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Just Another Manic Monday – Hurricane Relief

Image result for dodge a bullet animated gifWell, it looks like we dodged a bullet.  

More like $50Bn worth of Hurricane Irma damage vs up to $200Bn expected, so a nice break for insurance stocks (KIE) – as long as there are no other storms barreling down on us.  The markets have gapped up half a point and we're back to our usual Mon/Tues shorting levels at Dow (/YM) 21,900, S&P (/ES) 2,475, Nasdaq (/NQ) 5,970 and Russell (/TF) 1,410.  We had many, many thousands of Dollars of winning plays from those levels on the short side over the past few weeks (see recent posts), so no reason to change our minds now

Speaking of recent posts, 2 Mondays ago (8/28) our PSW Report was titled "Monday Market Musings – Making Money on Misery" we taled about several hurricane plays and it's important, as an investor, that you learn to turn macro events to your advantage – or you will always be at their mercy.

  • VLO 2019 $60 calls at $10.35 are now $13 – up $265 per contract (25%)
  • Oil (/CL) Futures long at $47.35 topped out at $49.45 – up $2,100 per contract
  • Lowes (LOW) Oct $75 calls at $1.70 are now $4.80 (our target was $4.50) – up $310 per contract (182%)

I know it comes across as bragging when we review our trades but it's important to LEARN what worked and what didn't so that, next time a similar situation presents itself, we can make those good trades as a reflex.  The premise was simple, the Hurricane would disrupt oil and gasoline production and repairs (and preparations) from the hurricane would benefit Lowes and Home Depot – not complicated, right?  The only trick is using that knowledge to make the right bet – and that's exactly what we are trying to teach you to do!

July 31st was a Monday and our Report was titled: "Monday Market Maintenance – Dressing the Windows for One More Day" in which I said: "It's going to be a meaningless Monday, we're just going to sit back and see how the month ends up but we'll certainly short the S&P again if we're back to 2,480 – along with the other shorting lines we were using last week."  The next day (8/1) was: "Toppy Tuesday – Back to our Shorting Line on the S&P 500" and, in our Live Member Chat Room that morning, I had put out the following note to our Members:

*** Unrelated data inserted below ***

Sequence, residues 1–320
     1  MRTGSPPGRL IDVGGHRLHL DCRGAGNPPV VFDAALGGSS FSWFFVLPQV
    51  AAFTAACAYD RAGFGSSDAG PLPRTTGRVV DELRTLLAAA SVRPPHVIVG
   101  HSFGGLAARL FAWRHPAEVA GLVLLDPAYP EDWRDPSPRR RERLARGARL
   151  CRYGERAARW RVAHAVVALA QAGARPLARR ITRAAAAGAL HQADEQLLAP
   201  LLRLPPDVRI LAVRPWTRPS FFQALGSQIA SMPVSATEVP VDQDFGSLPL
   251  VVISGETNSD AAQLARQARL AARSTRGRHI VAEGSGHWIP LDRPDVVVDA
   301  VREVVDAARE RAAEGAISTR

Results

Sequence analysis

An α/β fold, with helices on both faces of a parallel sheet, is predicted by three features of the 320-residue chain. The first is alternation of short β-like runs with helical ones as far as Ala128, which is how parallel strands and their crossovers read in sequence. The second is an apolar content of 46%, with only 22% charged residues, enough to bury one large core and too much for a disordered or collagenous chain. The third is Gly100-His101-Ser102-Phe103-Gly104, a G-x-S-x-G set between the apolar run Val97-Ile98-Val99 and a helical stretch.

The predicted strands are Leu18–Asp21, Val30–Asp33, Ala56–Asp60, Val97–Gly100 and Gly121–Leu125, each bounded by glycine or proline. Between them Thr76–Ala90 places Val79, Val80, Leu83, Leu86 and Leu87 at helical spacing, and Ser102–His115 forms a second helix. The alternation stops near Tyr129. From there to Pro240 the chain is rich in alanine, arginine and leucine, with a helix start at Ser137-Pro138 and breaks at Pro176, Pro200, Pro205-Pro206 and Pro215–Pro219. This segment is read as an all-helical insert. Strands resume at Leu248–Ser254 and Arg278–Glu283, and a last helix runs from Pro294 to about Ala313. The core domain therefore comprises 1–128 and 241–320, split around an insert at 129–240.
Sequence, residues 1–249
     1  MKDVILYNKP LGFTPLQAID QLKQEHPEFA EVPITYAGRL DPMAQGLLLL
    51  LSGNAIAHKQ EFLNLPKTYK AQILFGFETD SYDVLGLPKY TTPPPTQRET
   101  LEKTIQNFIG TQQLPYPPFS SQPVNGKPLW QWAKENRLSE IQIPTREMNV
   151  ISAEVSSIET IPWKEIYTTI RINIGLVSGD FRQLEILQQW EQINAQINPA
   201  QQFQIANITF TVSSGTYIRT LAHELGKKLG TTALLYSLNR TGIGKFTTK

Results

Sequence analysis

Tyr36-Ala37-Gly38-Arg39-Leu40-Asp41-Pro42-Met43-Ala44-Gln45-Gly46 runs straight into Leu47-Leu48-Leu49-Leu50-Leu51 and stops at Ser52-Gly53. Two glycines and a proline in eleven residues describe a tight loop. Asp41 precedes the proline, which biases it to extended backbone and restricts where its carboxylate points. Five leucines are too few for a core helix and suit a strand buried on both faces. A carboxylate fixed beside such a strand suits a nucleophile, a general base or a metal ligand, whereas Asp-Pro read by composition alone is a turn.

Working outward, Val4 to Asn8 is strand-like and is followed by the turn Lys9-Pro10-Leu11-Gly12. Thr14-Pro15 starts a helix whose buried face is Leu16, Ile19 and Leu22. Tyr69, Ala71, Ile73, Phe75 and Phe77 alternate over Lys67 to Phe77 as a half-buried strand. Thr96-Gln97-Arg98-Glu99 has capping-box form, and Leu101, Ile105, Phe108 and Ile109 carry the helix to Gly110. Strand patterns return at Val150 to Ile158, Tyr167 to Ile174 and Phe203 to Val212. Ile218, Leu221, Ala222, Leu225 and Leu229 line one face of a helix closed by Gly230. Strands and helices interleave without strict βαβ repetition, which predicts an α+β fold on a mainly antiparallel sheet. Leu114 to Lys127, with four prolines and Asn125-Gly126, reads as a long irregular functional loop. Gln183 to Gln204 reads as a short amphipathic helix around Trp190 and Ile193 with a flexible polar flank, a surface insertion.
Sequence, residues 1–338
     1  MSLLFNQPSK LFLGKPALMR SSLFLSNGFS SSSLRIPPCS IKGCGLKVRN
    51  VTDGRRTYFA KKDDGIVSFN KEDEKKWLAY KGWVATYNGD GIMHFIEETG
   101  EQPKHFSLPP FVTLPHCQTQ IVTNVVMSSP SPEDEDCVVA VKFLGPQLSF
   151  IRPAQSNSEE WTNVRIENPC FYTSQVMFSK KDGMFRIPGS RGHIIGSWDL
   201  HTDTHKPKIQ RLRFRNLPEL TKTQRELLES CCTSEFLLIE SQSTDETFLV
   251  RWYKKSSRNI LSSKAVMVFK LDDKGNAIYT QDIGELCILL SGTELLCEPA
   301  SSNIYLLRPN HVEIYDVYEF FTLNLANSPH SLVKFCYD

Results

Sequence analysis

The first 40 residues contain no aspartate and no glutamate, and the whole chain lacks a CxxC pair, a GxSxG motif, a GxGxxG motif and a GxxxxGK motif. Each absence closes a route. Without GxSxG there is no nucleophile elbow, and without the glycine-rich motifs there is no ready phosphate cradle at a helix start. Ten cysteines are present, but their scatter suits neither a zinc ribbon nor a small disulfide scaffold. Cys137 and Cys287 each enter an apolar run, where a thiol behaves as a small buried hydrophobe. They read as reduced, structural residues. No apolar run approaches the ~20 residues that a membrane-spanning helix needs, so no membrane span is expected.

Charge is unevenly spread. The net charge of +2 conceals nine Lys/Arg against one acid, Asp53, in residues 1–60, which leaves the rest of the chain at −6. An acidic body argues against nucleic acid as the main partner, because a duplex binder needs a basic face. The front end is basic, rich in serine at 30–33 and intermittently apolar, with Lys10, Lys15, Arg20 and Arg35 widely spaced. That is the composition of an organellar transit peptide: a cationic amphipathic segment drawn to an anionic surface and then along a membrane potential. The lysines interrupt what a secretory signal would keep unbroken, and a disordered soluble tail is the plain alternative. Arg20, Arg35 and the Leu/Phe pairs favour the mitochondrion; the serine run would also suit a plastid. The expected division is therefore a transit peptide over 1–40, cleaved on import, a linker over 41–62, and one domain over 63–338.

Markets blasting up yet again for no particular reason.  Now I like /YM short at 21,950 with tight stops but then again at 22,000, /NQ 5,900 is good as well and you know 2,480 was my target short on /ES and that's lined up with 1,430 on /TF – definitely a short the laggard day.  

As you can see, the S&P took a nice dip to 2,420, which was ultimately good for gains of $3,000 per contract on those Futures shorts for our Members and, per our fabulous 5% Rule™, we know that a weak bounce off 2,420 was 12 points to 2,432 and a strong bounce of 24 points took us back to 2,444, so we knew to wait before getting aggressively short again as we were over our strong bounce line.  We were right to short Oil (/CL) at $50 (now $47.50, up $2,500 per contractand going long Natural Gas (/NGZ7) at $3.07 (now $3.14, up $700 per contract) but wrong about the Dollar long (/DX) at 92.75 (now 91.60, down $1,150 per contract), which is a play we're still in.  

As an option earnings play, I suggested shorting Amazon (AMZN) as follows:

  • Buy AMZN Jan $1,100 puts for $101.50 ($10,150)
  • Sell AMZN Jan $1,050 puts for $72.50 ($7,250) 
  • Sell AMZN Jan $1,200 calls for $21.50 ($2,150) 

The net of the spread was $750 and AMZN is well on track to pay us in full and the short $1,200 calls are now $5.35 ($535) and the spread is $40 ($4,000) so net $3,465 so far is up $2,715 (362%) so far but still another $2,285 (304%) left to gain and, even if you start from scratch here, you still make 84% in 4 months picking up our Members' trading scraps – not bad for the free readers, right?

So that was a good day's report, well worth the $3…  The next day (8/2) was "Whipsaw Wednesday – The View from Dow 22,000" and I was getting more concerned about a major correction so we added a Dow hedge using the Ultra-Short ETF (DXD) as follows:

  • Buy 100 DXD Oct $11 calls for 0.45 ($4,500)
  • Sell 100 DXD Oct $13 calls for 0.12 ($1,200) 
  • Sell 5 AAPL 2019 $120 puts for $4 ($2,000) 

DXD is at $11.24 so in the money and $13 is $1.66 away or 15% so a 7.5% drop in the Dow will pay you back $2 x 10,000 options (100 per contract) or $20,000 and the net cost of the spread is $1,300.  That's a profit of $18,700 (1,438%) if the Dow drops 7.5%, and stays down, into the October expirations.  You are obligating yourself to buy 500 shares of AAPL at $120 ($60,000) so make sure you REALLY want to own AAPL if it drops 20% but, chances are your will be safe with that bet if the Dow stays up and, if the Dow falls and puts AAPL in the money, then you have an extra $20,000 to buy the shares with!  

As it turns out, DXD has gone net nowhere but, because we followed our core philosophy of Being the House – NOT the Gambler, all that premium we sold has decayed and the Oct $11 calls are still 0.45 ($4,500) while the $13s we sold are down to 0.08 ($800) and the short Apple (AAPL) puts are $4.50 ($2,250) for net $1,450, which is up $150 (11.5%) despite no major, lasting sell-off.   Now, to lengthen the term of our insurance, all we have to do is spend 0.35 to roll the DXD Oct $11 calls to the Jan $11 calls (0.80) and then sell the Jan $13 calls for 0.35 for net $0 and now we have the same protection through January (we leave the short October calls to expire on Friday).